The back road was beautiful and, although we had a flat tire on the way back in the midst of a traffic jam on a one lane muddy road, the trip was good. And we experienced the helpfulness of some Hondurans who just took the changing of the tire into their hands and left us watching.

Toma de carretera,  6 de mayo, Santa Bárbara, Honduras
The main highway was occupied by several thousand people from 6 am to 4 pm, sponsored by PRO, Patronato Regional de Occidente, the Western Regional Organization. PRO represents about 200 communities in 15 municipalities in the departments of Copán and Santa Bárbara. There are more than 400 projects that the national government promised to develop – health, education, highway paving, water, and electric – but have not been carried out. Other issues PRO raised include the need for new land reform legislation, the right of public education and public health, and the rising prices for fuel and the basic food items. PRO is open to negotiation with the government but decided to go to the streets to exert pressure. Governments have the responsibility to respond to the needs of the people, especially the poor, especially in terms of infrastructure and access to basic needs. PRO, as I see it, is trying to hold the government responsible.

Denys receiving a certificate of participation in Caritas' school
When we got to San Marcos, Santa Bárbara, we met with leaders from six parishes who participated in Caritas’ Schools for Governability and Participation. They reported on their efforts to pass on the formation they had received on human dignity, human rights, the government and constitution of Honduras, the proposal for a National Constitutional Convention, and more. Some have had training sessions or are planning them for the future. Most have incorporated what they learned on short sessions with parish groups and base communities. One person used what he had learned to develop one of the stations of the cross in his parish. They talked about the fear or reluctance of some to discuss the topics, since the people so often identify politics with the two-party patronage system. But one person through his careful workshop opened a group of parish leaders to consider the issues more. The participants also decided that they would all help a Saturday program on these issues on the local Catholic radio station, taking turns traveling to the station to participate in the broadcast.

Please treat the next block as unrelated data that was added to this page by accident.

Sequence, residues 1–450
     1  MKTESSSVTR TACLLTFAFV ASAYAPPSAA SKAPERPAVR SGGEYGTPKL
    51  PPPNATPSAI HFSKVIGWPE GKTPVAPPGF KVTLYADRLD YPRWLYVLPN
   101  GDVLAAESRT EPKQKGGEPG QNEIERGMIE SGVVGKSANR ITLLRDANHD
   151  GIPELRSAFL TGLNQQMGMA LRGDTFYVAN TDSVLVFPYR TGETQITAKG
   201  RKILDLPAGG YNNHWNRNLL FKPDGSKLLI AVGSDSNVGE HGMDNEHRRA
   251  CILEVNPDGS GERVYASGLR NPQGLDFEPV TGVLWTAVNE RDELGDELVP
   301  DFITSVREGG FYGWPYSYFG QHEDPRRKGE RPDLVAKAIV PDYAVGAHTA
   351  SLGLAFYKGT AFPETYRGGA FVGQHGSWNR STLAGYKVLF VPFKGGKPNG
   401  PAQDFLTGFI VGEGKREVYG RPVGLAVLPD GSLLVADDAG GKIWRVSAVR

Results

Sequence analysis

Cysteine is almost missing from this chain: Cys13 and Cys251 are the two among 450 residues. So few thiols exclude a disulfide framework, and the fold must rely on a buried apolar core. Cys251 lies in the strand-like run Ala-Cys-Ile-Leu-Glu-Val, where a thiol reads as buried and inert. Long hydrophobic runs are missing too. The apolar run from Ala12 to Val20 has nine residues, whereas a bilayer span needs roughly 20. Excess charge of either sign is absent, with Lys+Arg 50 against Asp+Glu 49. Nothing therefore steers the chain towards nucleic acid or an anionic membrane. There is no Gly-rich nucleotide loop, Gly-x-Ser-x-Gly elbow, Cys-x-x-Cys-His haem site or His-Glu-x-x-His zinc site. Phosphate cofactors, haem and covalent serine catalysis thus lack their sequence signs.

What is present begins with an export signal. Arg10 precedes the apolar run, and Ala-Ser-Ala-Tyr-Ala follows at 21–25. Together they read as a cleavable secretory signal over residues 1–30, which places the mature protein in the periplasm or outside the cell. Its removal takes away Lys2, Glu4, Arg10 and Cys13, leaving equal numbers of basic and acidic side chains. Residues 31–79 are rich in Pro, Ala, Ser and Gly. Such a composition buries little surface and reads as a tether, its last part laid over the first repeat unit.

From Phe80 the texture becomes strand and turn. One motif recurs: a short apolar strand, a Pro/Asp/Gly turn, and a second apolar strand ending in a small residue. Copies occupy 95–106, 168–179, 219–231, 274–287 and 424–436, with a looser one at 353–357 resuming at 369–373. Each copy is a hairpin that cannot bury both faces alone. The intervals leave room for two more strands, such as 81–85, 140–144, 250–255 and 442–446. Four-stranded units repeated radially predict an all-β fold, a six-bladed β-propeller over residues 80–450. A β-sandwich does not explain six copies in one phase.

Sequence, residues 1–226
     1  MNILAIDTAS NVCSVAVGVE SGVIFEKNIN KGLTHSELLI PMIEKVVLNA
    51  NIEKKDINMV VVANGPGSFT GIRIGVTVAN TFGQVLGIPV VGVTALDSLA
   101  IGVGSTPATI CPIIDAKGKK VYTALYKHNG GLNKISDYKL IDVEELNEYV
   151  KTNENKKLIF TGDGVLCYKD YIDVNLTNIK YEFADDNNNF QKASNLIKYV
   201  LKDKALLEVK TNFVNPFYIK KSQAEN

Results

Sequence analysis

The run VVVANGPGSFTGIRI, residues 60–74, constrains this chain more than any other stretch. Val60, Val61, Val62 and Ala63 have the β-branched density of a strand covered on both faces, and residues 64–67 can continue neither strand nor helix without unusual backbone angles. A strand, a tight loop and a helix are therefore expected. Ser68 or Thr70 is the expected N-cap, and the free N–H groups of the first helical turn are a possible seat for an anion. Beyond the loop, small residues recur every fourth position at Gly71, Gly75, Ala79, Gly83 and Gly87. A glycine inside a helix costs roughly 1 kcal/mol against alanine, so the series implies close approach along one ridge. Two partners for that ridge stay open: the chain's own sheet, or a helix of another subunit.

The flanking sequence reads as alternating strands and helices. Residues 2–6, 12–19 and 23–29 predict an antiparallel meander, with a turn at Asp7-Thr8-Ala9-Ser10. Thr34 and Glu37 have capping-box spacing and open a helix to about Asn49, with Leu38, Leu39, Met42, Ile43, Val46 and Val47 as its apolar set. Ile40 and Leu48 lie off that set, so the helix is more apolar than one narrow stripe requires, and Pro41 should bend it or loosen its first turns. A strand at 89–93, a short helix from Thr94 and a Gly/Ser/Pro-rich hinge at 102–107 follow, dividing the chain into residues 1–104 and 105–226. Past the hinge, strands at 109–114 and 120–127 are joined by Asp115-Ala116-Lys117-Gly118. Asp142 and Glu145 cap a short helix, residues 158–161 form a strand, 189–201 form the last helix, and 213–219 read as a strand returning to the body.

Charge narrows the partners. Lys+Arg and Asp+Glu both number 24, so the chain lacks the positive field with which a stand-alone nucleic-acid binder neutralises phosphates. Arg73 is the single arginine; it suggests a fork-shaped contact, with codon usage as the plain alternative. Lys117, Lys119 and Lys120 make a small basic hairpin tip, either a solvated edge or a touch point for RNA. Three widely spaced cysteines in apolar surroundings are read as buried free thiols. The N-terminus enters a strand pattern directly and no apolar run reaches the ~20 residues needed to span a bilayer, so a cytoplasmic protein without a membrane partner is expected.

But this is not without risk. One participant told of the presence of "orejas," spies, in the meetings who report back to government leaders.

And so there are examples of people working together for the good of their communities and the country, but the problems persist because of “structures of injustice” which pervade Honduras.

The two party power structure, the use of money as “incentive” for votes and political support, corruption, programs that just offer assistance, and the problem of expectation of hand outs go together. They are part of structural problems that cannot be solved merely by individual efforts nor by non-governmental organizations. I really believe that there needs to be a real re-structuring of the system here – so that the needs of the poor are heard as they are empowered to act for their own good and for the common good.

No comments: